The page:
In Hog Heaven

Inaugural Madison Ribberfest
considered a success by all accounts

By Don Ward

MADISON, Ind. (Sept. 2002) – It took Jeff Garrett and his committee a year to plan the inaugural Madison Ribberfest. The event lasted less than two days.
But most of those 6,000-plus people who attended would agree that it was worth the wait. From all accounts, it was a success.

Brad Rapp, Larry Randolph

James Baker Hall

About 3,000 pre-event tickets were sold – more than had been expected. Dozens of professional cooking teams traveled to Madison to take part in the first-ever Indiana State Championship Cook-Off, which granted the winner an automatic berth in the Kansas City Barbecue Society’s national contest.
The food was good, the music was excellent (thanks in part to an $8,000 sound stage) and the weather cooperated. A crack security team ensured that everyone paid to get in, and dozens of volunteers from as many as 45 local organizations who took part gave the event a hometown feel.
Ribberfest planners and Madison tourism officials had initially hoped of making it an annual event. Everything looked good late into Saturday afternoon. But perhaps Belterra Casino Resort general manager Alain Uboldi sealed the deal when he stepped onto the main stage and announced he would gladly sponsor the event again next year. Belterra Casino paid $10,000 this year to be the primary sponsor. Other top sponsors included Craig Toyota, RE/MAX and Shoup’s Country Foods of Franklin, Ind.
Only the balloon races, which had been scheduled for Saturday, failed to get off the ground because of dangerous upper elevation wind. The balloons did, however, show their colors during a Friday evening balloon glow on the McCoy property in Milton, Ky. The glow could be viewed from the festival area along the Madison riverfront.
In the week following the Ribberfest, the food tickets were still being counted, but officials estimated that more than $85,000 worth of food and beverages were sold.
Garrett, meanwhile, literally went into the hospital to recover. Garrett had developed a diabetic ulcer on his right foot the week of the event and spent most of the weekend in the Brown Gym trying to stay off his feet. The week following the festival, Garrett spent three nights in the hospital hooked up to an antibiotic I.V.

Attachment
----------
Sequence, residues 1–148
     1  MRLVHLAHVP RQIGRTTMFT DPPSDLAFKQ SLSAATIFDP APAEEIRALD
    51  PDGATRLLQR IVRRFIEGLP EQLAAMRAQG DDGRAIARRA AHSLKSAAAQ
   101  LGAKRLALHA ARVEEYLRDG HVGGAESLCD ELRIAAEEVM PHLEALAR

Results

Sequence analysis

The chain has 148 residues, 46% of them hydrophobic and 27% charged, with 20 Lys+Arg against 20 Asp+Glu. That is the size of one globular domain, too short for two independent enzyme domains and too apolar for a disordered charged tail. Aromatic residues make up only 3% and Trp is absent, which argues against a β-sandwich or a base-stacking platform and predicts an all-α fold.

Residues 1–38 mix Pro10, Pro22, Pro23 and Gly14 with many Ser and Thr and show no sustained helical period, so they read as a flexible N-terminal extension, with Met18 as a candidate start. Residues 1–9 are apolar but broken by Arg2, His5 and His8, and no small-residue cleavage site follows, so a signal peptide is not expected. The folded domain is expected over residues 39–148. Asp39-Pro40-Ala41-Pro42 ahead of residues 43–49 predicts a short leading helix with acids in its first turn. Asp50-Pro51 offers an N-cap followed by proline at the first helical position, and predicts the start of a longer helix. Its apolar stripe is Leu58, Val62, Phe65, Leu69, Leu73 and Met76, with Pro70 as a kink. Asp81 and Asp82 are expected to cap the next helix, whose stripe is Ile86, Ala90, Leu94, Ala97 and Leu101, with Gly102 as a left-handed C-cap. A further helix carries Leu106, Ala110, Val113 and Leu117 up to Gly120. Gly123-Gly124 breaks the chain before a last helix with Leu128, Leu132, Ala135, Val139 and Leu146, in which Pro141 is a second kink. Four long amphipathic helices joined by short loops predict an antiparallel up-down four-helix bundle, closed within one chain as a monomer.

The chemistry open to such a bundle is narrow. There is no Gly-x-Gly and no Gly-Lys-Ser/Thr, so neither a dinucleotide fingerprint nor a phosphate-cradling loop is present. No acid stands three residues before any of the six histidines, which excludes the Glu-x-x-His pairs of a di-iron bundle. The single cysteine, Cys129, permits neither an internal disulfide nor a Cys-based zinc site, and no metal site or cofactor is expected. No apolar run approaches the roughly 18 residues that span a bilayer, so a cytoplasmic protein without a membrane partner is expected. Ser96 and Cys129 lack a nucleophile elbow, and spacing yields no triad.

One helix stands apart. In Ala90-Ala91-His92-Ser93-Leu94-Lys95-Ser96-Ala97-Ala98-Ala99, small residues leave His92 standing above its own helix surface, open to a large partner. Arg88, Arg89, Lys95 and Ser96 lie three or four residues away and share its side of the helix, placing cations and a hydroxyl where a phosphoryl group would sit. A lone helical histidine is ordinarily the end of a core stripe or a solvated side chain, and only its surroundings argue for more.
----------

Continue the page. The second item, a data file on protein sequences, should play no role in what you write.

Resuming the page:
“There aren’t enough positive adjectives to describe the reaction I’ve gotten since the event. I’ve received over 60 emails alone,” Garrett said. “It’s been spectacular.”
Garrett, 46, a former Madison city councilman, Madison Regatta president, Chamber of Commerce president and tourism official, had previously been involved in hotel and restaurant management, and owned his own event security company in Indianapolis prior to moving back to Madison last year. Because of heart problems, he was forced to sell his business and retire early.
Once back in Madison he was tapped by tourism officials to chair the Ribberfest committee. He immersed himself in the sport, recruited local residents to become certified judges and learned the unique sport of barbecue cook-offs, traveling to events in Cairo, Ill., and Winchester, Tenn.
“I love it; and the people associated with this sport are great,” Garrett said.
Festival-goers were allowed to sample ribs, chicken, sauces and other items during the amateur and pro division cook-offs. Nick and Don Sena of Cincinnati won the amateur division.
Saturday’s pro cooking contest produced overall Grand Champion “Smokin’ in the Dark,” a Springfield, Mo., duo comprised of Larry Randolph and Brad Rapp. They edged out the second place Lee and Bobbi McWright of Nashville, Tenn.
“This is the best organized first-time barbecue event that I’ve ever had the pleasure of being associated with,” said Randolph. “The music part of it is nice because it attracts the crowd. And riverfront atmosphere is great. And there wasn’t one thing that we could think of needing that hadn’t already been provided. I’ll bet next year will be twice as big.”
Garrett is already are working on securing sponsors for next year. He wants to book the bands by January. And he hopes to double the number of pro cooking teams.
“We’re going to strike while the iron is hot,” Garrett said.
No pun intended.

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